plus, just because someone says they powered it down before teardown doesnt mean they actually did. people make mistakes. but people will lie especially when it's a careless mistake. i'm not accusing anyone of lying, but i AM saying this issue occurs frequently when the battery is disconnected when the device is torn down with the power on. i know this because i have done it myself more than once.
     
  12. Emild01 macrumors newbie

    Joined:
    Feb 25, 2011
    #12
    Thanks for the answer :)

    I do some iPhone fixing in my sparetime and have experienced some of these issues myself. Such as wifi begins to be faulty and date and time issues, also that the phone reboots on its own after a repair.

    Your suggestions are and get me if im wrong.:

    - use non conductive tool for connecter removal

    - be carefull in battery connecter removal

    - make sure not to twitch the ribbon cable from the battery

    - make sure battery connector is correctly placed over the motherboard before connecting it.

    Im pretty carefull in my repairs and would honestly say I did all of those things in the process. I have Foundation out that there is another evil thing you shouldbe worried about and make sure to take it in consideration. Static electricity!

    Especially the iPhone 4 has more sensitive components than 3G and 3GS so make sure to use esd hardware to kill all possible static electricity in order to be sure you do not have to deal with these problem. That and the mentioned precautions must be checked!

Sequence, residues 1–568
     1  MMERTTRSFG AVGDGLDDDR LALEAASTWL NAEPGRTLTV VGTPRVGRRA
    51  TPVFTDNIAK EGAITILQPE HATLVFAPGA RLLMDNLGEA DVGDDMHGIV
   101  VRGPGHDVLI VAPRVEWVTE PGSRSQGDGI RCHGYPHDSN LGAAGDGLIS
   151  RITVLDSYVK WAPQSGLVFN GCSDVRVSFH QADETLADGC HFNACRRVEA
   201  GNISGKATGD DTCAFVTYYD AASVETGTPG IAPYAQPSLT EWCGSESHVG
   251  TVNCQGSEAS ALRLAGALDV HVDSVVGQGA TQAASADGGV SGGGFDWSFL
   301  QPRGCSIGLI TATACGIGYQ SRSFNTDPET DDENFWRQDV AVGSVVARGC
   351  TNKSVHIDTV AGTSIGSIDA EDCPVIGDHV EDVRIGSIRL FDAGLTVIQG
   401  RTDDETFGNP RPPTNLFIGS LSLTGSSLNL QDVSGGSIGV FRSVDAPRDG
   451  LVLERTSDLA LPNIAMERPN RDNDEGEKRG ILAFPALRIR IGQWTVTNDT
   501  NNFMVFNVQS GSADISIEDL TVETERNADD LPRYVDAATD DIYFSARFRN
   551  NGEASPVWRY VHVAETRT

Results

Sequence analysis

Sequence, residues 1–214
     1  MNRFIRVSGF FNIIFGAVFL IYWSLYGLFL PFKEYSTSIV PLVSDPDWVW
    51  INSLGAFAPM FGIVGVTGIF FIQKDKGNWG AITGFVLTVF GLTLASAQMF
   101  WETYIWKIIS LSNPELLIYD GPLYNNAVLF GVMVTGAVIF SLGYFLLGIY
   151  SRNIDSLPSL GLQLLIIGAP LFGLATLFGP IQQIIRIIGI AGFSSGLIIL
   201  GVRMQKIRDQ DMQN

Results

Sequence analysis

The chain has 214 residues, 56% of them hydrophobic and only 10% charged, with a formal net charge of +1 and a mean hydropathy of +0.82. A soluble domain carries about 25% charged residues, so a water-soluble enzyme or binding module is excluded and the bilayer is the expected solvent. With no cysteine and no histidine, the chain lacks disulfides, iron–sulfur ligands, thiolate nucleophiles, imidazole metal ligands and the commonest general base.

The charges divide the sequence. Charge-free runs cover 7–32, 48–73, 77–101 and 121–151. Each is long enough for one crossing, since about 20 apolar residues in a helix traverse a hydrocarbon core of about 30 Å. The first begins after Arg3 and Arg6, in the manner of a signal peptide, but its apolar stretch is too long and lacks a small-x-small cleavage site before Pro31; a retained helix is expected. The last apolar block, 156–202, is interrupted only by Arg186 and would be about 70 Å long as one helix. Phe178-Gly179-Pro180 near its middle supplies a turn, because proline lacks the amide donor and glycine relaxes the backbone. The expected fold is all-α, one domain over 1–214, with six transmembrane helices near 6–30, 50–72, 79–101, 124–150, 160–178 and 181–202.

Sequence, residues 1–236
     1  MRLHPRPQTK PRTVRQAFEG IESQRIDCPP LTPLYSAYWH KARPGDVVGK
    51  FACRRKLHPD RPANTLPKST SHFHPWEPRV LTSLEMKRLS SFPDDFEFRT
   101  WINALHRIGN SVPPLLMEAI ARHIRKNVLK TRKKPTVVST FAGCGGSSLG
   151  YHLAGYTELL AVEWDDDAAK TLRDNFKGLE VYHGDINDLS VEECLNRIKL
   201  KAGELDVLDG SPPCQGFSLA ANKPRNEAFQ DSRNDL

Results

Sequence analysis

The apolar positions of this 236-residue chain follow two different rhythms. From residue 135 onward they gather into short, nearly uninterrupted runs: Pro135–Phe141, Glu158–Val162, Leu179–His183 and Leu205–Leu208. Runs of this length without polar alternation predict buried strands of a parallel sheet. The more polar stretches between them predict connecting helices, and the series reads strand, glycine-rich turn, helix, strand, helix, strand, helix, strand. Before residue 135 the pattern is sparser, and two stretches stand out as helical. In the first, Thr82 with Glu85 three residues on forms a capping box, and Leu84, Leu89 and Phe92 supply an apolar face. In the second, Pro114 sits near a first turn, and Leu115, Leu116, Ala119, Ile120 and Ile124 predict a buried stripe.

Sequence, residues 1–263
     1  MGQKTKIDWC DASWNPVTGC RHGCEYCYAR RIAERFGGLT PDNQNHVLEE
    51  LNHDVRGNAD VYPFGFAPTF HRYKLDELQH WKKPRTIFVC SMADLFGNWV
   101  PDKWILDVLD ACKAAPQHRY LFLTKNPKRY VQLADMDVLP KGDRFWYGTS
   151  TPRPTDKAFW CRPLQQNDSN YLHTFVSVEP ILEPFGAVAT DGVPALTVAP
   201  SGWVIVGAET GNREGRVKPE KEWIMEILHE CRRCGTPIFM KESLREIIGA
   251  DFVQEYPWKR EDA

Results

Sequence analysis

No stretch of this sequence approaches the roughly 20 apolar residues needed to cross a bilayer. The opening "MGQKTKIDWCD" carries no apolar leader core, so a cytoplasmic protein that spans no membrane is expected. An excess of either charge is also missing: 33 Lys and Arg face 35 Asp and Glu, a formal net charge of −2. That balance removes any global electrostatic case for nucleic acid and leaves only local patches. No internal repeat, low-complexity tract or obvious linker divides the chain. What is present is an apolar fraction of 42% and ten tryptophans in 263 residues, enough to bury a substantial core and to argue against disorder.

I had to learn the hard way make sure you dont ;)
     
  13. qwertylol thread starter macrumors newbie

    Joined:
    Feb 17, 2011
    #13
    I have come to the conclusion that it is the battery connector that is broken. Is it possible to fix without replacing the entire motherboard?
     
  14. Alistair1990 macrumors member

    Alistair1990

    Joined:
    Apr 15, 2007
    Location:
    Norbiton, Greater London, UK
    #14
    I have an awful feeling that my iPhone has the same problem. I fitted a white front and back as my original screen was smashed. Everything was fine but the vibration motor didn't work so I opened it back up today, fixed the vibration but now I have my phone rebooting every few minutes.

    I'm really hoping that it's just the battery and I've ordered a new one. If it's the logic board then I'm screwed :(
     
  15. tristan7583 macrumors newbie

    Joined:
    Jul 1, 2014
    #15
    Iphone4 reboot screen replacement